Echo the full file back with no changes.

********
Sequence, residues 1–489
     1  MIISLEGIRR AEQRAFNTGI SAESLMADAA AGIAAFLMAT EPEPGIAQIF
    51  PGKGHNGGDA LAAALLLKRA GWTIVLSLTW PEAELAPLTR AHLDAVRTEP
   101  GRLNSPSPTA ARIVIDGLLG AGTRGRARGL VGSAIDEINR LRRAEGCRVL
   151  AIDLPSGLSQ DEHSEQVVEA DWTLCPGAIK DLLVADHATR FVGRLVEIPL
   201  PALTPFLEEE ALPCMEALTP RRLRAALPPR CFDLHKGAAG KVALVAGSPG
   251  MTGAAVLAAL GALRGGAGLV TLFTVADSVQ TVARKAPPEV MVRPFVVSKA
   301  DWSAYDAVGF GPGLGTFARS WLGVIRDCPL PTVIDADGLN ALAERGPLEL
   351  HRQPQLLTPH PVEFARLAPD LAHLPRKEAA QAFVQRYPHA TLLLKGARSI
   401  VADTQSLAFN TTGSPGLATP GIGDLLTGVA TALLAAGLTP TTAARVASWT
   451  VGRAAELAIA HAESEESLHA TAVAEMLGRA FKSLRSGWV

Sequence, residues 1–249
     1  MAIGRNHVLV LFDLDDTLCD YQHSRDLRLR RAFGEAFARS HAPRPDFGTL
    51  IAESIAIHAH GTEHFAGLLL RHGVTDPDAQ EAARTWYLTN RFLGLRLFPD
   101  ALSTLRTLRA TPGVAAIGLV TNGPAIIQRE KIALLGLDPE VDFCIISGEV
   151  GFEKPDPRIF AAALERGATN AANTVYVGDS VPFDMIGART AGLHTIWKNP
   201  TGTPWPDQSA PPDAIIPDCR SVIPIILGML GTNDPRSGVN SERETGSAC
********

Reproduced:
Sequence, residues 1–489
     1  MIISLEGIRR AEQRAFNTGI SAESLMADAA AGIAAFLMAT EPEPGIAQIF
    51  PGKGHNGGDA LAAALLLKRA GWTIVLSLTW PEAELAPLTR AHLDAVRTEP
   101  GRLNSPSPTA ARIVIDGLLG AGTRGRARGL VGSAIDEINR LRRAEGCRVL
   151  AIDLPSGLSQ DEHSEQVVEA DWTLCPGAIK DLLVADHATR FVGRLVEIPL
   201  PALTPFLEEE ALPCMEALTP RRLRAALPPR CFDLHKGAAG KVALVAGSPG
   251  MTGAAVLAAL GALRGGAGLV TLFTVADSVQ TVARKAPPEV MVRPFVVSKA
   301  DWSAYDAVGF GPGLGTFARS WLGVIRDCPL PTVIDADGLN ALAERGPLEL
   351  HRQPQLLTPH PVEFARLAPD LAHLPRKEAA QAFVQRYPHA TLLLKGARSI
   401  VADTQSLAFN TTGSPGLATP GIGDLLTGVA TALLAAGLTP TTAARVASWT
   451  VGRAAELAIA HAESEESLHA TAVAEMLGRA FKSLRSGWV

Sequence, residues 1–249
     1  MAIGRNHVLV LFDLDDTLCD YQHSRDLRLR RAFGEAFARS HAPRPDFGTL
    51  IAESIAIHAH GTEHFAGLLL RHGVTDPDAQ EAARTWYLTN RFLGLRLFPD
   101  ALSTLRTLRA TPGVAAIGLV TNGPAIIQRE KIALLGLDPE VDFCIISGEV
   151  GFEKPDPRIF AAALERGATN AANTVYVGDS VPFDMIGART AGLHTIWKNP
   201  TGTPWPDQSA PPDAIIPDCR SVIPIILGML GTNDPRSGVN SERETGSAC